“We started the company out focusing on people who are aging in place, but we’ve found the majority of our clients are people who have had a medical crisis, MS or a stroke or something like that … and we do have a lot of people who’ve been in vehicle accidents too. They’re in mid-life and they want to stay in their homes or they have family that they don’t want to move.”

For Eli and Jennifer Glanz, that meant redoing their bathroom to make it accessible. BuildAble installed a barrier free bathroom that Jennifer can roll up to and swing herself into a spare wheelchair that stays in the shower. The tile floor slopes gently to a drain and a waterproof barrier under the entire bathroom floor means spills or floods cause no damage.

The old sink and vanity was replaced with a “floating sink” that lets Jennifer wheel up to it like a desk. Three heavy-duty handrails give support and stability at the toilet.

“For the longest time we had a standard tub and shower that you see in most showers. Jennifer can’t transfer herself into a standard tub, even if there’s a shower seat. It would be me physically lifting her up and into the tub. That was hard for both of us,” Eli said.

“She keeps reminding me, I only have one back.”

“It brought more independence to me,” Jennifer said. “Before, I would have to have him home and helping me have a shower. Now I don’t. He doesn’t know how many times I shower.”

It cost $15,000 to renovate the bathroom, about 80 per cent of which was paid for with grants from March of Dimes. The family had to cover the cost of the garage lift on their own.

Another clever addition are offset hinges that allow doors to swing completely out of the way, adding a crucial extra five centimetres width to the doorway for Jennifer’s chair to pass.

The simplest and most common modification to a home is to add grab bars and handrails, MacGinnis said, including railings on both sides of a staircase. In the kitchen, countertops and cabinets can be made to lower to wheelchair level, while full-extension drawers are easier to access without awkward reaching.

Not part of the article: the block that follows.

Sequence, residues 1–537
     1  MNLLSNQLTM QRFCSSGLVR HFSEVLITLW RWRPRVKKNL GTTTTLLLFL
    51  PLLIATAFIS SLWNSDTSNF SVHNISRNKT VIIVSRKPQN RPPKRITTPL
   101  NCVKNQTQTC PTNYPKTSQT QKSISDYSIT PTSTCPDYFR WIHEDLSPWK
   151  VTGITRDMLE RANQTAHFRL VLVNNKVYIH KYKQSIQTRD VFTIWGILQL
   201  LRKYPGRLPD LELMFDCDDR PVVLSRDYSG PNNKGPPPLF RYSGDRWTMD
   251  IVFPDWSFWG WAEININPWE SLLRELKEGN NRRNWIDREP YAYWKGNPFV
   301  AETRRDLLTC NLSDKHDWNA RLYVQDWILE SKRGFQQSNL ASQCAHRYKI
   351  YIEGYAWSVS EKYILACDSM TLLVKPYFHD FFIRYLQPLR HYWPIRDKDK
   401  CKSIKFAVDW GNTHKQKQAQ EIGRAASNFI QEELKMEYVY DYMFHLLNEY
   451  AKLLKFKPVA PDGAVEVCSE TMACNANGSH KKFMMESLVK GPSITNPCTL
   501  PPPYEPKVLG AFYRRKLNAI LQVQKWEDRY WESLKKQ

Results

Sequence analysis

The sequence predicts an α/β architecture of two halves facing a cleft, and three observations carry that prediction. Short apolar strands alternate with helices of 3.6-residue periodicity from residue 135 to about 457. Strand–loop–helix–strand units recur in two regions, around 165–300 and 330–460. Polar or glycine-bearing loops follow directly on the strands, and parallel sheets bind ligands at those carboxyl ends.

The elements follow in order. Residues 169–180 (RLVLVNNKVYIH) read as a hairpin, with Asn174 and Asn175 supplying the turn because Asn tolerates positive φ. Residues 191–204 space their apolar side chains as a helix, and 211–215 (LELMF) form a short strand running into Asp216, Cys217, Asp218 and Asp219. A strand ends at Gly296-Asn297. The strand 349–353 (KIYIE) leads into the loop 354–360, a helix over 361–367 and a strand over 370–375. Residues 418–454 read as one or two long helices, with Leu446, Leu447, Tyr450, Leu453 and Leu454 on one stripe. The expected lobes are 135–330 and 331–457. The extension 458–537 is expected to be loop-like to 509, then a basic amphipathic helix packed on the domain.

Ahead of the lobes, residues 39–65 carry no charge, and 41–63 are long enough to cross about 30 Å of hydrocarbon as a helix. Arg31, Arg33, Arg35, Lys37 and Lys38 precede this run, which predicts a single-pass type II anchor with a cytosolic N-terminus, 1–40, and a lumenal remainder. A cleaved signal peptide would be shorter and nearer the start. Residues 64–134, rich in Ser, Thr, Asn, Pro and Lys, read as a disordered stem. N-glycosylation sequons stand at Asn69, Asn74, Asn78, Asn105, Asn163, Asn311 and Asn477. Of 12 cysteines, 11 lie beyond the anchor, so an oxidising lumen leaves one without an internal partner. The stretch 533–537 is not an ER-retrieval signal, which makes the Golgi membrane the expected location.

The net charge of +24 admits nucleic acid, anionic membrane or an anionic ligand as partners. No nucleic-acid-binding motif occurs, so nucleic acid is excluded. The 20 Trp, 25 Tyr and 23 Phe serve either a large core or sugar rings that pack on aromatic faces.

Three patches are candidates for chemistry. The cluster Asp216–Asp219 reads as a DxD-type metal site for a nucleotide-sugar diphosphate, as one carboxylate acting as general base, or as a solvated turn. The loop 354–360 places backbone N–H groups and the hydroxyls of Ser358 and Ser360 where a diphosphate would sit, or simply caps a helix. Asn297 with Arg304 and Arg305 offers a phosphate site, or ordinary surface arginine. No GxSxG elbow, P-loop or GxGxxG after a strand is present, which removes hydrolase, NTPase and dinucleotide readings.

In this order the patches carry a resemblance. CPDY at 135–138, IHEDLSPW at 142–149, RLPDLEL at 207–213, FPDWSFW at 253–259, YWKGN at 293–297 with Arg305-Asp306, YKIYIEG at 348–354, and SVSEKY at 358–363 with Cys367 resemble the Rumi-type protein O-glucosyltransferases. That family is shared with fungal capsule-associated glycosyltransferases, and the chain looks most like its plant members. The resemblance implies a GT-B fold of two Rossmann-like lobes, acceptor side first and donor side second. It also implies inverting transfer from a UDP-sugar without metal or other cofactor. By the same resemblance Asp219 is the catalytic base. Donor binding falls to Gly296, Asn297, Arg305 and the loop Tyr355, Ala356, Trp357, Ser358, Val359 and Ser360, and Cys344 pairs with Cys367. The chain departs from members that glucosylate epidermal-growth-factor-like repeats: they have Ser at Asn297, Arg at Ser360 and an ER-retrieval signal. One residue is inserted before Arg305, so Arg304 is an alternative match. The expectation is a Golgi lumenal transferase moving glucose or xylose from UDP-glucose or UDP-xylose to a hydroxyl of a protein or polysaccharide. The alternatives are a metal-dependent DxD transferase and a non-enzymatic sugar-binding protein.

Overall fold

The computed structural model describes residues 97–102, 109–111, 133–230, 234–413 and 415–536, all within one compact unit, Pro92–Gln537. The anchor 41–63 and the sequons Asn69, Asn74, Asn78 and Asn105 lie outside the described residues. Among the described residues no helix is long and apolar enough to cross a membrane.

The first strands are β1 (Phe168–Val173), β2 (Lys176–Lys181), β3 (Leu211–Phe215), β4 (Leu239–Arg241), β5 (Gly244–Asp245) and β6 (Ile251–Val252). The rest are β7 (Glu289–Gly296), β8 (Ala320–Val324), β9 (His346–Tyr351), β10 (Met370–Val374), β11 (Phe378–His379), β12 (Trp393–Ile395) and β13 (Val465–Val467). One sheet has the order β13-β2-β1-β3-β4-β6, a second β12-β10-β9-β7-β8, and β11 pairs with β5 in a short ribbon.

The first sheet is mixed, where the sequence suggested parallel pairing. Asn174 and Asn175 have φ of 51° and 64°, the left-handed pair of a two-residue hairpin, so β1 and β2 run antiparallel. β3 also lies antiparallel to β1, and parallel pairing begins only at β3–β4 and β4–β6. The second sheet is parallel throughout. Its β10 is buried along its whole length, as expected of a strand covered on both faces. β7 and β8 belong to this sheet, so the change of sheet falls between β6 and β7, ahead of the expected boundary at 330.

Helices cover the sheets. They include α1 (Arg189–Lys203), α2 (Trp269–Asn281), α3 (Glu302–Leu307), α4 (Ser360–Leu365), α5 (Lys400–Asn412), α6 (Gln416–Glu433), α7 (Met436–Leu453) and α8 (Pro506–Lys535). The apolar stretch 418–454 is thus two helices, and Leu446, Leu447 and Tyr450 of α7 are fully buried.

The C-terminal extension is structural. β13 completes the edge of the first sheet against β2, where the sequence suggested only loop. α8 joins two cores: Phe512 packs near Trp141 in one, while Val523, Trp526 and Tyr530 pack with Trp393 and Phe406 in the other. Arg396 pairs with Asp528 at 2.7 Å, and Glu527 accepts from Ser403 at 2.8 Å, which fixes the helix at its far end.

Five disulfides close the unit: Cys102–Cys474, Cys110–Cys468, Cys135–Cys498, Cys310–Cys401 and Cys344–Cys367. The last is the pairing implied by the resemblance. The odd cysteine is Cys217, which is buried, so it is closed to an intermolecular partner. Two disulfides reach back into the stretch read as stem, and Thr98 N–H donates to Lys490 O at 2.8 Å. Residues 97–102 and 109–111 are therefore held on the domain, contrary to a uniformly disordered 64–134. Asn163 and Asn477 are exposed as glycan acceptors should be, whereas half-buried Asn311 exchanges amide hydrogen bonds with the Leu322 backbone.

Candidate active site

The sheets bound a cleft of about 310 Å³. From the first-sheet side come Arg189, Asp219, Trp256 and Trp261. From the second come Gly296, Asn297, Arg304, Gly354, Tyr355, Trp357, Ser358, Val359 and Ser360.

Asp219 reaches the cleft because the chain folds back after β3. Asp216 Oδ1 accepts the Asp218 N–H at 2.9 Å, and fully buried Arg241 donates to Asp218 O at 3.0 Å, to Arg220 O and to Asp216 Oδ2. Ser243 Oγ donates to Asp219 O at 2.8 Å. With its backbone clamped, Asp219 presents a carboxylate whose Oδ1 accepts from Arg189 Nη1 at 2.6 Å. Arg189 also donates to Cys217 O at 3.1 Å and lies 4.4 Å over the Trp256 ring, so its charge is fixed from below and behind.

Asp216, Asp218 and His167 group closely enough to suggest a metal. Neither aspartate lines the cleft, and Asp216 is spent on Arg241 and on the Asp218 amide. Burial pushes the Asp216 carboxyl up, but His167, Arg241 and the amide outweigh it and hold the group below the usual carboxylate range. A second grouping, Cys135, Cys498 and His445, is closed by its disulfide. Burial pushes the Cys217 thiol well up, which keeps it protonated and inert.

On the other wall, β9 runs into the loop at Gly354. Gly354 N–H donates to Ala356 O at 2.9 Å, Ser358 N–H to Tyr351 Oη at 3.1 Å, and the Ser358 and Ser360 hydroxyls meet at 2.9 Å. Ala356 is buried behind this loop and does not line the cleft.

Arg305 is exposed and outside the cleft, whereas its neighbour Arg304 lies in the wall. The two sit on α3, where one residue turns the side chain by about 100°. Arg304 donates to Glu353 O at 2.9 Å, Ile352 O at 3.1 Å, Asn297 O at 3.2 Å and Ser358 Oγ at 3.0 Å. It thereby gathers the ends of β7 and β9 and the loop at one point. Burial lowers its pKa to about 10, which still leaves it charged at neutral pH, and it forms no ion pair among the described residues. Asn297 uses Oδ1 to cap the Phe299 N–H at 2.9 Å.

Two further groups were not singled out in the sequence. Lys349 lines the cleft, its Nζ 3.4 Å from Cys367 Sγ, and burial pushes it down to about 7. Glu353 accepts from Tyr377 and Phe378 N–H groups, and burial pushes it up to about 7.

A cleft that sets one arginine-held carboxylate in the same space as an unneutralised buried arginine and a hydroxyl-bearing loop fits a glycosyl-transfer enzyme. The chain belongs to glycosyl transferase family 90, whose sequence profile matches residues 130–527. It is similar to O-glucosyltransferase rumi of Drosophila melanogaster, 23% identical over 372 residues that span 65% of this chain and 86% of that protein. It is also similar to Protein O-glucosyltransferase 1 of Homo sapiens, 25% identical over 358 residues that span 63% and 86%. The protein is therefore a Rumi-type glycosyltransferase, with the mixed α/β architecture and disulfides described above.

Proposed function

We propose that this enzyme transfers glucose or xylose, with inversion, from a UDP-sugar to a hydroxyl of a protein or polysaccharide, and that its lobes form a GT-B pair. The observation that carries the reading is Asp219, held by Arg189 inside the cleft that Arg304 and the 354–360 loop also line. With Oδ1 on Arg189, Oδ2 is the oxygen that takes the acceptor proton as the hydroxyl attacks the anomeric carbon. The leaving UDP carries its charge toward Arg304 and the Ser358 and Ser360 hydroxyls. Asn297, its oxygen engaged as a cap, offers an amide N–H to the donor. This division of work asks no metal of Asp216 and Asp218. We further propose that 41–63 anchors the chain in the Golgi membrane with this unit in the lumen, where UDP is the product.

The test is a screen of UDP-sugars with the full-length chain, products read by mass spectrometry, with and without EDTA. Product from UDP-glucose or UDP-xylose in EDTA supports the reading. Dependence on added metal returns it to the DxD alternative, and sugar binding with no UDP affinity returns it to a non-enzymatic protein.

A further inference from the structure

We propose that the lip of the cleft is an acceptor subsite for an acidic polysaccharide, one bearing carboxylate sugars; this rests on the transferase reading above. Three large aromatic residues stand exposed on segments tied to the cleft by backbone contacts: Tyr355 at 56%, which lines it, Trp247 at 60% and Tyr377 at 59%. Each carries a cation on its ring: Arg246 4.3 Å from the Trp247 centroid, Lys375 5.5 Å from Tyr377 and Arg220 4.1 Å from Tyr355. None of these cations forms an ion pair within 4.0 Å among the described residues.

One of BuildAble’s biggest jobs was to add a full elevator to a home for a man with Parkinson’s Disease, he said.

The cost can vary widely. The cost of home modifications are often included in the insurance payout for accident victims or — as in the case of an Ottawa Public servant who is suing the city for $6.3 million for injuries in the Westboro bus crash — part of the lawsuit claim. Others are helped with the cost through grants from the March of Dimes and other charities or through tax breaks.

“There’s a lot of low-cost things we can do that have a high impact,” MacGinnis said. A grab bar might cost $100. A second staircase railing $1,000. A wooden ramp to the door can range from $500 to $5,000, while a more aesthetically pleasing ramp of interlocking brick could cost $15,000 to $20,000.

A barrier-free bathroom costs between $12,000 and $15,000 while a full reno to make a kitchen full accessible can run up to $30,000, he said.

In Ontario, someone who has suffered catastrophic injuries in a car crash is eligible for $1 million in under the province’s the province’s Statutory Accident Benefit Schedule. But for non-catastrophic injuries, that benefit is capped at $65,000 and will only last five years, said lawyer Najma Rashid, a partner in Howard Yegendorf & Associates.

“Just because someone’s injuries aren’t catastrophic, doesn’t mean they’re not serious,” Rashid said. “Many people with serious injuries might be stuck with that $65,000 and it’s only available for five years so they have to make a judgment call as to whether they’re going to use part of the money for changes to their home or for ongoing treatment needs.”

Additional costs could become part of a lawsuit claim, she said. Lawyers would work with their clients medical team or hire an occupational therapist or consultant to determine what renovations are needed and their cost.

“And if they do claim it in a lawsuit, they have to wait for that lawsuit to be over. Or self fund it and look for a reimbursement, but most people don’t have the money to pay for it themselves.”

Those looking for more information on improving accessibility will be able to find it Independent Living Canada’s AccessABLE Technology Expo on May 30 at the Ottawa Conference and Events Centre on Coventry Road. The one-day expo will bring together 20 exhibitors with a broad range of products for disabilities such as visual or hearing loss, cognitive impairment and mental health issues. Admission is free, Curran said.